Dramatic, emotional, flirtatious and vivacious, characters with histrionic personality disorder swing from mood to mood over small things, their emotions turned up to the max. Because of their emotional nature, they’ll often become deeply involved in relationships after a very short amount of time, and can end up wearing their partners out, embarrassing them with their exaggerated behaviour, or causing resentment later down the line.

To be diagnosed with histrionic personality disorder, your character must display five or more of the eight criteria listed in the DSM-5. You can find out how your character needs to think and act if they’re to have this personality disorder in the post: How to Tell If Your Character Has Histrionic Personality Disorder.

Have you settled upon your character having HPD? Then learn what the diagnostic criteria really mean and how you can incorporate them into your stories in the post: A Flair for the Dramatic: Writing About Histrionic Personality Disorder.


Borderline Personality Disorder

Borderline personality disorder (BPD) is characterised by intense and explosive emotions. Characters with this personality disorder tend to experience severe, unpredictable mood swings, fluctuating between powerful positive and negative feelings within a short time frame.

Emotions are felt much more deeply in those with borderline personality disorder—despair rather than sadness, rage rather than annoyance, panic rather than anxiety. Regulating emotional levels is that much harder, and self-harm and suicide attempts are fairly common in people with this disorder.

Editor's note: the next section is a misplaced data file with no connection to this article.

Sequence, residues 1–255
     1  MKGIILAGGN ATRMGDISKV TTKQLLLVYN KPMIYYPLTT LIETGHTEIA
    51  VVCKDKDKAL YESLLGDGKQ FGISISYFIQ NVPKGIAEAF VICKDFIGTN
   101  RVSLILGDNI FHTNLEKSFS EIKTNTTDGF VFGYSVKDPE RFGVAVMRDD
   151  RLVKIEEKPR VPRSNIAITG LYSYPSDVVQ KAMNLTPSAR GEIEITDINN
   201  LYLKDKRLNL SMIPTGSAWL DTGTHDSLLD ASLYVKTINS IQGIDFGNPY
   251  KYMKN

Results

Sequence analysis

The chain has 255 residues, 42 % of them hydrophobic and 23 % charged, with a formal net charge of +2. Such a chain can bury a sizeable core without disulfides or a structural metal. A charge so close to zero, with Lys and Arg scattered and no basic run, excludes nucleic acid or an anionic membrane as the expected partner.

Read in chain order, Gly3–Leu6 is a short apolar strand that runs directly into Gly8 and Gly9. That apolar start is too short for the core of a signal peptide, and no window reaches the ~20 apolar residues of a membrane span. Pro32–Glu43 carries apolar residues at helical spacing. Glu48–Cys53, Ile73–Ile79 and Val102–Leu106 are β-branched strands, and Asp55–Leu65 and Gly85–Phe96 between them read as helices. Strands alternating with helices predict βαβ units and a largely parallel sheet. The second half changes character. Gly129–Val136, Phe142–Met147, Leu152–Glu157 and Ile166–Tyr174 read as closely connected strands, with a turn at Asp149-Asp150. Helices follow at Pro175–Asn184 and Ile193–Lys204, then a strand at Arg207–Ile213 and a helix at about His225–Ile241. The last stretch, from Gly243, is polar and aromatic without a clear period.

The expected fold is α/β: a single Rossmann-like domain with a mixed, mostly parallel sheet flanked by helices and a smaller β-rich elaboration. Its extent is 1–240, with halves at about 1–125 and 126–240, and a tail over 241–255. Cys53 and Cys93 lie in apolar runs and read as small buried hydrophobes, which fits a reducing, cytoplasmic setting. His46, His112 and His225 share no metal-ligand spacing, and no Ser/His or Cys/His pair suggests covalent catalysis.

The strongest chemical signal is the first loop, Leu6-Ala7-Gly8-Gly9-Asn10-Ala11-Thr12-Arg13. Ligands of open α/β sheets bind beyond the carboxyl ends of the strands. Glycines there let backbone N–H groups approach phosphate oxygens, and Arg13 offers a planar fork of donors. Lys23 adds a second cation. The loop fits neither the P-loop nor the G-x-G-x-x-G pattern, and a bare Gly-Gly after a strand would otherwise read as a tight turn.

To be diagnosed with borderline personality disorder, your character must display five or more of the nine criteria listed in the DSM-5. You can find out how your character needs to think and act if they’re to have this personality disorder in the post: How to Tell If Your Character Has Borderline Personality Disorder.

If your answer to the question above is yes, then learn what the diagnostic criteria really mean and how you can incorporate them into your stories in the post: Intense and Emotional: Writing About Borderline Personality Disorder.


Narcissistic Personality Disorder

This personality disorder is characterised by feelings of superiority, a need for admiration, and a lack of empathy. Characters with narcissistic personality disorder (NPD) often see themselves as exempt from the rules of society and expect favourable treatment from others, without having done anything to deserve it.

While individuals with NPD might first seem to have an inflated sense of worth, in actuality they tend to be very sensitive to criticism, with vulnerable levels of self-esteem. They may be disdainful and disparaging to others to hide inner feelings of humiliation and emptiness, and avoid situations in which defeat or criticism could be possible.

To be diagnosed with narcissistic personality disorder, your character must display five or more of the nine criteria listed in the DSM-5. You can find out how your character needs to think and act if they’re to have this personality disorder in the post: How to Tell If Your Character Has Narcissistic Personality Disorder.

If you know your character is a narcissist, then you’ll want to make sure you’ve got their behaviours and thought-patterns right. Learn what the diagnostic criteria really mean and how you can incorporate them into your stories in the post: It’s All About Me, Me, Me: Writing About Narcissistic Personality Disorder.